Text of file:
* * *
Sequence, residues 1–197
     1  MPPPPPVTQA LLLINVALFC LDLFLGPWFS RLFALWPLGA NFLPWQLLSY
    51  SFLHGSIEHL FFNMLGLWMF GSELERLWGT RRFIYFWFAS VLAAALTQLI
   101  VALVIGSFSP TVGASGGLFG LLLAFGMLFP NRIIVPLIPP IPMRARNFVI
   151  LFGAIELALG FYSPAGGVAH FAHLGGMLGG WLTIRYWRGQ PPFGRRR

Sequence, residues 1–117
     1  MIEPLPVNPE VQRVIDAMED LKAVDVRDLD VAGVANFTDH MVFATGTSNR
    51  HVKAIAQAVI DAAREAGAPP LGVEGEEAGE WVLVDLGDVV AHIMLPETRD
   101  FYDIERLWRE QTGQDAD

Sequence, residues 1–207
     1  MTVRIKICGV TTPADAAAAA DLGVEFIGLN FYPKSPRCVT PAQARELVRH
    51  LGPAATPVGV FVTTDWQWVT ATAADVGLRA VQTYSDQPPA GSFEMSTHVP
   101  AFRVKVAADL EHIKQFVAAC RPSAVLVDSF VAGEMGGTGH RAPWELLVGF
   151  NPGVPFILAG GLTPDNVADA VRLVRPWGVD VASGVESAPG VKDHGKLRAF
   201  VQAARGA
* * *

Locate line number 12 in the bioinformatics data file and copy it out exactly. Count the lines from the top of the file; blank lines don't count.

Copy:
    51  LGPAATPVGV FVTTDWQWVT ATAADVGLRA VQTYSDQPPA GSFEMSTHVP